What drives child marriage?
Four overarching factors underlie the persistence of child marriage in India—household poverty, the structure of patriarchy and gender inequality, humanitarian crises or conflict, and system-level shortcomings. Poverty is a leading driver. Multiple studies have confirmed that women who are more educated, from economically better-off households, from urban areas, and from less disadvantaged social groups are less likely to experience child marriage than others. Poverty limits the household’s economic choices, and marriage allows families to transfer the economic burden of daughters to the husband’s family. Moreover, since the father of the bride bears the costs of the wedding, poor families who have many daughters may be motivated to marry them off early and together, irrespective of their ages, in order to economise on wedding expenses.
In the patriarchal family systems that prevail in much of India, the practice of upholding deeply entrenched gender norms and decision-making about when and whom children marry rests with the patriarch. Pressure to abide by these norms—repeated inquiries about why the daughter is unmarried and offers of finding her a husband, rumours and nasty comments about the girl and her family—make it challenging to deviate from them, even for families that are convinced about the importance of delaying girls’ marriage. One father noted, “Everyone knows that getting married at an early age is bad. But even then, everyone does it…People are scared to violate this custom…90 percent of the villagers think that early marriage is a social custom. If anyone tries to violate this then he will be despised by the community.” Moreover, the importance of virginity and fears that older girls will mix with boys, engage in sexual relations, or marry without parental consent, and thereby destroy the family izzat (honour) also perpetuate the practice of child marriage.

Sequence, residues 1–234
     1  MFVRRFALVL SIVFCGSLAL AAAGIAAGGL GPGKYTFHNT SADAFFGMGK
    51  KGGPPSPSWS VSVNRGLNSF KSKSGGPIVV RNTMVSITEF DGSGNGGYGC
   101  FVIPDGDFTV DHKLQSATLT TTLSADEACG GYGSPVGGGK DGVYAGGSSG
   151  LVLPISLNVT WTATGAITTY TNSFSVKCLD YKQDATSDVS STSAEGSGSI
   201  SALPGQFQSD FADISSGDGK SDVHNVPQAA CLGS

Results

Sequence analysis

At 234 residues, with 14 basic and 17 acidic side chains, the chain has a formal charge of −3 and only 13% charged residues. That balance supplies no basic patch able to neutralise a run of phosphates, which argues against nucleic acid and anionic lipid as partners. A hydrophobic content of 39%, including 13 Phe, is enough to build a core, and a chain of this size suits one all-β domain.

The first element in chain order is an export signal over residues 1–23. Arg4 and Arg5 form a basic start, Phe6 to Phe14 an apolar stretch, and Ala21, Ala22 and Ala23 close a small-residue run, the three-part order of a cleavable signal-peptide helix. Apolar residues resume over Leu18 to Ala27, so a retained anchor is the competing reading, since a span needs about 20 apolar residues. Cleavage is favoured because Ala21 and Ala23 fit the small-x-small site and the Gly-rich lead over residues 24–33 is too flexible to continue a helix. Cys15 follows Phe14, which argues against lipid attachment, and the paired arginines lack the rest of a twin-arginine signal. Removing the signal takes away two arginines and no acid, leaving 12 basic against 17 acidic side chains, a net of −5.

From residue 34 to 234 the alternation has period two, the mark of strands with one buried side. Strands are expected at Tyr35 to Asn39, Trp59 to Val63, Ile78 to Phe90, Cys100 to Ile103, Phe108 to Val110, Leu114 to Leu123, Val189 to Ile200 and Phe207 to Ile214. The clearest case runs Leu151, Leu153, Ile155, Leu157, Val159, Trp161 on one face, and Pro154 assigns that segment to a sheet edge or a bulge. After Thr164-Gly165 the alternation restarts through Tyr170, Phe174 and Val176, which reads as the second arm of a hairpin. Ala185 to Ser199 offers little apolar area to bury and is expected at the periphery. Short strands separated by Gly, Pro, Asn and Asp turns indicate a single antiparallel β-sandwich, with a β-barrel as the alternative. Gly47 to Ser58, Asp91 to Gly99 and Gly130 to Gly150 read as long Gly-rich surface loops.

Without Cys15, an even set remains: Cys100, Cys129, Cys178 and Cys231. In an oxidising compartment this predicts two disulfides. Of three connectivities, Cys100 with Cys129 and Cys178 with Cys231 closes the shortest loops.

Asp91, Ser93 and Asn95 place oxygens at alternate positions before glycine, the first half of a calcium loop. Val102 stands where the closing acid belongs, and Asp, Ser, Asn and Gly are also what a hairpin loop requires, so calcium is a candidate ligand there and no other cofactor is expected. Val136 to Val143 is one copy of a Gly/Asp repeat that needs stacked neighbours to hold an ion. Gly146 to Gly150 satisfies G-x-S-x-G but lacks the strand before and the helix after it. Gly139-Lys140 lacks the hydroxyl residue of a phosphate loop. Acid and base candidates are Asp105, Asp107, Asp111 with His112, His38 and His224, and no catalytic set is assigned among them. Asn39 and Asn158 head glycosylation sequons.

During the lockdown a spike was observed in child marriages across many states.
Poor families may be pushed further into adhering to gender unequal norms in times of humanitarian crises such as floods or the pandemic; the uncertainty precipitated by political crises such as the Citizenship (Amendment) Act and others. They perceive child marriage as a way to cope with economic hardship and to ‘protect’ girls from violence or as a means to cope with meagre resources. During the lockdown, for example, a spike was observed in child marriages across many states.